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Tuesday, 12 June 1984
Page: 2866


Senator WALTERS(9.36) —I wish to speak for only a few minutes, on behalf of the Opposition, in protest at one more broken promise of the Hawke Government. The Prime Minister, Mr Hawke, made it very clear before the election that he would not touch superannuation payments. Indeed, we have been sent copies of letters that Mr Hawke sent to various groups promising that there would be no introduction of increased tax on lump sum superannuation payments, as had been rumoured prior to the election. But, of course, here we have a very clear broken promise. This is indeed retrospective legislation. It is no use the Government saying it is only from the night of announcement that this tax will be introduced; indeed it is. But people have planned for many years, not realising that a government, without any commitment before its election, would introduce legislation to tax their lump sum superannuation payments. People have planned for their retirement knowing that when the time came they would have a sum which they could use at their discretion.

We have heard nothing from the Government, or indeed from the Australian Democrats, apart from a mention of tall poppies. We have had that description before. We heard it when the Minister for Social Security, Senator Grimes, was debating the assets test. He referred then to the tall poppies and the modified tall poppies. This Government, which is supposed to be bringing the people together, is making divisions with those sorts of statements. It does not seem to be a very telling way to say to the community: 'Let us all work together for the good of Australia'. We now hear of the tall poppies-that is, those with lump sum payments over $50,000-who will be taxed at 30 per cent. The modified tall poppies, those with lump sum payments under $50,000, will be taxed at 15 per cent.

As Senator Watson indicated earlier, the average income of Australians after tax is, according to the figures I have before me, about $10,000 or $11,000. That is the average taxable income in many electorates, apart from those in the Australian Capital Territory, where we find that the average income after tax is a couple of thousand dollars more. It is quite an interesting group of figures that I have here. It indicates that salaries in the two electorates of Canberra and Fraser in the Australian Capital Territory are well above those of the rest of the electorates. They obviously represent a wealthier community, but they too will be hit by this legislation.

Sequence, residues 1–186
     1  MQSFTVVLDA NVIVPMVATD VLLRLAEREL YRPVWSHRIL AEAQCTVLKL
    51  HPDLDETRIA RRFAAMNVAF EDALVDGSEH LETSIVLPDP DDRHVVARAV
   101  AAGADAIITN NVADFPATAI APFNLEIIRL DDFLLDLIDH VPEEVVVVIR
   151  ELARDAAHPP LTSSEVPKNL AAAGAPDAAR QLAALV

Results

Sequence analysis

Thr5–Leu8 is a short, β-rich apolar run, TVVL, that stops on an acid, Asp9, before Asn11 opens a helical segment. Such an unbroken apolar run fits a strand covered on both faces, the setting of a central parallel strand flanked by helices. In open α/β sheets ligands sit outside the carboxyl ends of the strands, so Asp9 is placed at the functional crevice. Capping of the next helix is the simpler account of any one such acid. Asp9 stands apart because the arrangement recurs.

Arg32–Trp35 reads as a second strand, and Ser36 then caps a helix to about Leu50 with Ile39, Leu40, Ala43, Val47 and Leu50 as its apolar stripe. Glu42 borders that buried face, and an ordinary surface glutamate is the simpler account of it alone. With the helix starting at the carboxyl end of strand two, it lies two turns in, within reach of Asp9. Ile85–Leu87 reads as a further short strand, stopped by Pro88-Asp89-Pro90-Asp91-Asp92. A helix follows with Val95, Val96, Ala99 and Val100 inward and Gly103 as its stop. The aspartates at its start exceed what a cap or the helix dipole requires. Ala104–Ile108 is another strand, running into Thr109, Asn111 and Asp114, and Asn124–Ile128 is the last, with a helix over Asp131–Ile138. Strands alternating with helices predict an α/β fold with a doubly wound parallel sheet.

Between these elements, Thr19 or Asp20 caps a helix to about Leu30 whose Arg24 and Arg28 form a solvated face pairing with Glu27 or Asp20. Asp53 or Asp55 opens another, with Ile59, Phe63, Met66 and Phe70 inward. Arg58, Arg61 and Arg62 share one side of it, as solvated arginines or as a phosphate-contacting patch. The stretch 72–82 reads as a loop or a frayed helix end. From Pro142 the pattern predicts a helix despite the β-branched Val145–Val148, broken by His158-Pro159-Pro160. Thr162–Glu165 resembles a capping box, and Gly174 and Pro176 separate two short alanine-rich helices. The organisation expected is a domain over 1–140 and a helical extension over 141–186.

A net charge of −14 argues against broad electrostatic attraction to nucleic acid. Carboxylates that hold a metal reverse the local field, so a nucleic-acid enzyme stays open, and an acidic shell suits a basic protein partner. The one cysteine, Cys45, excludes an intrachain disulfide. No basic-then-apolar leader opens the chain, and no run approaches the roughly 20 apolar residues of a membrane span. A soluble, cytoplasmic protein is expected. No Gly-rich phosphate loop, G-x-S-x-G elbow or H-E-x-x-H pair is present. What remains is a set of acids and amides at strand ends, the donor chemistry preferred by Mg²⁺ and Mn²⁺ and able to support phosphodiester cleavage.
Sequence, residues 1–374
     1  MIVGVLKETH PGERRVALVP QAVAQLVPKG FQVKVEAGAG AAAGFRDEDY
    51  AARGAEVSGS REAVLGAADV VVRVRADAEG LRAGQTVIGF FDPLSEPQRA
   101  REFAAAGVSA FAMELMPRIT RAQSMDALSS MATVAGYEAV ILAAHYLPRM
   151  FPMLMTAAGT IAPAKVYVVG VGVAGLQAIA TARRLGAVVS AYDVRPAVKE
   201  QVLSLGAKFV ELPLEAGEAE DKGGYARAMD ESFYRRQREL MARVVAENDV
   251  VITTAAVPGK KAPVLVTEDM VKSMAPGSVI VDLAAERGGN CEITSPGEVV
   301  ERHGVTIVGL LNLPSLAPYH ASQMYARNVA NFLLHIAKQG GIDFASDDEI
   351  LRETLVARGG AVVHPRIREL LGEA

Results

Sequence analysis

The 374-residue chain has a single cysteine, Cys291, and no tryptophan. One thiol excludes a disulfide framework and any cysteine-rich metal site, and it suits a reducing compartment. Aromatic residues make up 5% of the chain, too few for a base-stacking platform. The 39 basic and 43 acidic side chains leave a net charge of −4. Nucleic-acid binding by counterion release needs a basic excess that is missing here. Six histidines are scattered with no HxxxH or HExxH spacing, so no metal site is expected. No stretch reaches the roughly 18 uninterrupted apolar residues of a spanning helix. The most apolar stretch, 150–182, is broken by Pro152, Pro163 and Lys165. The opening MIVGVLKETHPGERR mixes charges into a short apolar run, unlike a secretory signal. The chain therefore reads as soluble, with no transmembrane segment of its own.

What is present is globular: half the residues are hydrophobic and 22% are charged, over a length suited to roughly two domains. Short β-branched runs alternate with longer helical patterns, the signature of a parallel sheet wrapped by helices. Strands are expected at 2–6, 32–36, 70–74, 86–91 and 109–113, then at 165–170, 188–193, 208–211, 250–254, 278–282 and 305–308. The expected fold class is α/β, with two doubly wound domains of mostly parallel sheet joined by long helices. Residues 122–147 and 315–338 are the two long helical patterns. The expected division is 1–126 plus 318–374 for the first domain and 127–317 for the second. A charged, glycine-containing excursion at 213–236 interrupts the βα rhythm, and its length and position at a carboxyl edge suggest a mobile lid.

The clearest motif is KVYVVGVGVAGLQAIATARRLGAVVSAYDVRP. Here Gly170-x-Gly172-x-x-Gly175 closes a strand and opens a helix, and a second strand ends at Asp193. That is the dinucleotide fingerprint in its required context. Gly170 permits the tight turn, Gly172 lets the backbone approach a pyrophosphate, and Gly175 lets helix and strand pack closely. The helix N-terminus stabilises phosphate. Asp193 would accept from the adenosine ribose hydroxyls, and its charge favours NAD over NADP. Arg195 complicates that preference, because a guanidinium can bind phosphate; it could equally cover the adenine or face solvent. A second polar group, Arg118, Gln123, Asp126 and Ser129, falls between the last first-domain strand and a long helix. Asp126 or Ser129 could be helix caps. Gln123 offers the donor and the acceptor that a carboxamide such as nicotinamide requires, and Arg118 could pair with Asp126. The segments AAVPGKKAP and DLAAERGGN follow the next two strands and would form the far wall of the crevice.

Senator Jack Evans, when he was speaking tonight on behalf of the Australian Democrats, referred to airline pilots and people of that ilk, the tall poppies, who would be setting themselves up in some sort of business after having taken their lump sum superanuation payments. What absolute rot! It shows how much out of touch he is with the people of Australia. They are not setting themselves up with lump sums. Indeed, the majority of them use the lump sum to pay off their home mortgages, to enable them to retire with at least a degree of comfort and without a great debt hanging over their heads. But the Government, of course, is denying people the ability to do that. The Government would, indeed, destroy all incentive for the people of Australia to look after themselves in their retirement. People are willing to contribute to give themselves a little extra luxury in their retirement. But the Government, with its socialist policies, is naturally ideologically opposed to that sort of thing, socialism meaning everyone being on the same level and no tall poppies, or modified tall poppies as the Government calls them. This legislation is just part of the Government's philosophy. It is natural for this Government to be following such a course.

We have made it clear as an opposition that when we return to government we will abolish this tax on lump sum superannuation payments. It is part of our philosophy that people be encouraged to look after themselves in their retirement, to put something away for that purpose. Indeed, incentive is what Australia is all about. If the Government continues to stop people preparing for their retirement, people will resort to using their savings prior to their retirement for the purpose of overseas trips and all the fripperies that have been suggested tonight.

We have heard Senator Grimes talk about the assets test. We have seen already the destruction of all incentive by that legislation which is to come before us later. This evening we have before us legislation which will provide for the taxation of lump sum superannuation payments. I will not take up the time of the Senate any longer. As I say, I am just voicing a protest, a protest that falls in the wilderness because we have not the numbers on this side of the House to be able to do anything about it. The Bill is part of the Budget propositions of the Government and is a money Bill. Therefore, we will not be opposing it. It is a shame that the people of Australia were not aware and had not been given the information before the election that this is the sort of thing the Government intended to do. But perhaps the Government will have learned the lesson the hard way and will know what to expect after the next election when Mr Hawke goes to the people which will be, we presume, about December.